One universal truth that I have found about leaders is that once we have committed ourselves to the study and discipline of leadership, we are always looking for more opportunities to lead and make a difference. We start to develop a talent for seeing ways to improve products, services or experiences in ways that make our customers, co-workers and even our own lives better. We become focused on improving ourselves and our environments but we can often run into roadblocks when looking for leadership opportunities in the workplace. Our employers have set certain priorities for the organization (rightly so) and often we don’t get opportunities to develop our leadership skills as quickly as we would like. In the best cases, employers who believe in developing the leadership abilities of their employees are trying to develop all of their people, so we have to share the leadership opportunities with others and in many cases compete to lead the best projects. In the worst cases, employers just don’t care about developing leadership on their teams and there are few opportunities. Just as it is important to be good leaders we need to be good followers and trust the judgment and priorities of the leaders above us. Although we may feel underutilized as leaders in our workplaces, there is a solution to developing your leadership skills outside of work.

Seeking Other Opportunities to Lead

If we find our opportunities to lead limited in our workplace, there are other places we can go to practice and develop our leadership skills. Our communities are in need of leadership at all levels in a variety of organizations. There are any number of groups such as schools, churches, business organizations, youth groups or even sports or recreational groups that are always looking for people to step up and take charge of projects they want to get done. Many of the groups in our communities are understaffed and while they may have a number of volunteers to participate in activities and projects, they are limited in how quickly they can accomplish their goals because they are in need of ambitious leaders to take charge of many of the projects and initiatives they want to accomplish in their community.

Getting Started with Community Leadership

Start out by looking for a community organization that is a good fit for you. Look around at several groups in your area and find a group that fits your interests and core values. The idea is to connect with other people who are making a difference in the community in a way that resonates with you. Much like starting a business or making your workplace better, think or a problem that you’d like to see solved in your community and find a group that works on solving that problem. If you don’t consider the organizational goals and values before you join, you may find yourself struggling to lead a project you don’t believe in which can leave you as frustrated as you are at your workplace. You may have to pay your dues for a little while in your new community organization, again followership is important, but showing initiative and taking on a project that the group needs to have done will give you some valuable experience in leading others.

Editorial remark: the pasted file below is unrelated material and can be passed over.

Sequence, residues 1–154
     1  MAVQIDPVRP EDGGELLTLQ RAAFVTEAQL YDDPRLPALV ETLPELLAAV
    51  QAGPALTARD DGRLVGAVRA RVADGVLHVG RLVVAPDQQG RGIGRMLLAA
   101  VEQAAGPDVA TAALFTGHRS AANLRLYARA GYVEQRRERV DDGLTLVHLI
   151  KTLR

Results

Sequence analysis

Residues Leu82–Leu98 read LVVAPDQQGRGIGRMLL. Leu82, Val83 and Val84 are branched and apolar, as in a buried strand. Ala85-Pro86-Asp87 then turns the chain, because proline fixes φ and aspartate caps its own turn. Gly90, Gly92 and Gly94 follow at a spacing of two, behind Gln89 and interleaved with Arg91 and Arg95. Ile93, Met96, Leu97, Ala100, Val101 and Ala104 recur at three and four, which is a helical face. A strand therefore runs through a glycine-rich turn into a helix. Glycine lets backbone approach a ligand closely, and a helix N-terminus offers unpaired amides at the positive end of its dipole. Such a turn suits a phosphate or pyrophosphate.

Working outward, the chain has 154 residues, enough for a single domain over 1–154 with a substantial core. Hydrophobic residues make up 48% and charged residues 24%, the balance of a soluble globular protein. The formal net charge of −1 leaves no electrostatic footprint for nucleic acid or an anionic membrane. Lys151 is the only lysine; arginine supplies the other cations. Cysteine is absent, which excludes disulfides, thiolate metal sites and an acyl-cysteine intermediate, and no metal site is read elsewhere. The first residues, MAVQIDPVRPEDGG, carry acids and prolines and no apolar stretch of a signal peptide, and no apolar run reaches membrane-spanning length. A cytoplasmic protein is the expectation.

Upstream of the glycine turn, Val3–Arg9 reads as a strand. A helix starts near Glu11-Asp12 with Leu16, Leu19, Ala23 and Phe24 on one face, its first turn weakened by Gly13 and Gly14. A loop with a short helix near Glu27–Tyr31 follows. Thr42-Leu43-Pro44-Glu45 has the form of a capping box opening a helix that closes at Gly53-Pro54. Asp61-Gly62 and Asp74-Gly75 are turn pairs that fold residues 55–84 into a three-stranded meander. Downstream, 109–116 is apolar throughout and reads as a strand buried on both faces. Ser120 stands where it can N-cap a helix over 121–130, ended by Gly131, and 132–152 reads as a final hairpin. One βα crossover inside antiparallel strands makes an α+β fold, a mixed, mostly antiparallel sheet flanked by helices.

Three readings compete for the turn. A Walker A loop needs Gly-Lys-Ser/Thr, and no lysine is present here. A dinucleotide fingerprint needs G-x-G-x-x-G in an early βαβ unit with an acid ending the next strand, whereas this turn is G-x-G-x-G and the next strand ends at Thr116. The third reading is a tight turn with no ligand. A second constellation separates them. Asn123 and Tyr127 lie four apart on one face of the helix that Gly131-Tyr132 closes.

You’ll often have to lead people who are committing their extra time and they may not be able to contribute as much time as they would like to. You’ll have to be very organized and have a plan to recruit enough people to your project to make sure you can meet your goals. You may even have to be responsible for raising money and managing other financial resources. One of the things that you will find if you are leading a community or volunteer group is that you will be working with people who come with varying levels of skill and ability. This will really force you to think about your philosophy and methods for training and developing others to be able to perform their roles in the organization and how much supervision you really want to have to give them on a regular basis. Also, because many people in community groups are volunteers you won’t have any direct authority over them to influence their contributions. You’ll have to get very good at your soft skills like communication, empathy, persuasion and negotiation to bring all of these volunteers together to achieve your goals.

Finally, even if you are getting all of the leadership opportunities that you want in your workplace, consider taking on a leadership role in a community organization. Giving back to our community helps solves the problems that our friends and neighbors face, makes our communities more livable and warmer and better places. It also makes us feel better about ourselves and give us some satisfaction from bringing some good into the world.

Tell us in the comments where you seek your additional opportunities to lead.

 

Photo Credit: By Sgt. 1st Class Michel Sauret (https://www.dvidshub.net/image/1352630) [Public domain], via Wikimedia Commons

 

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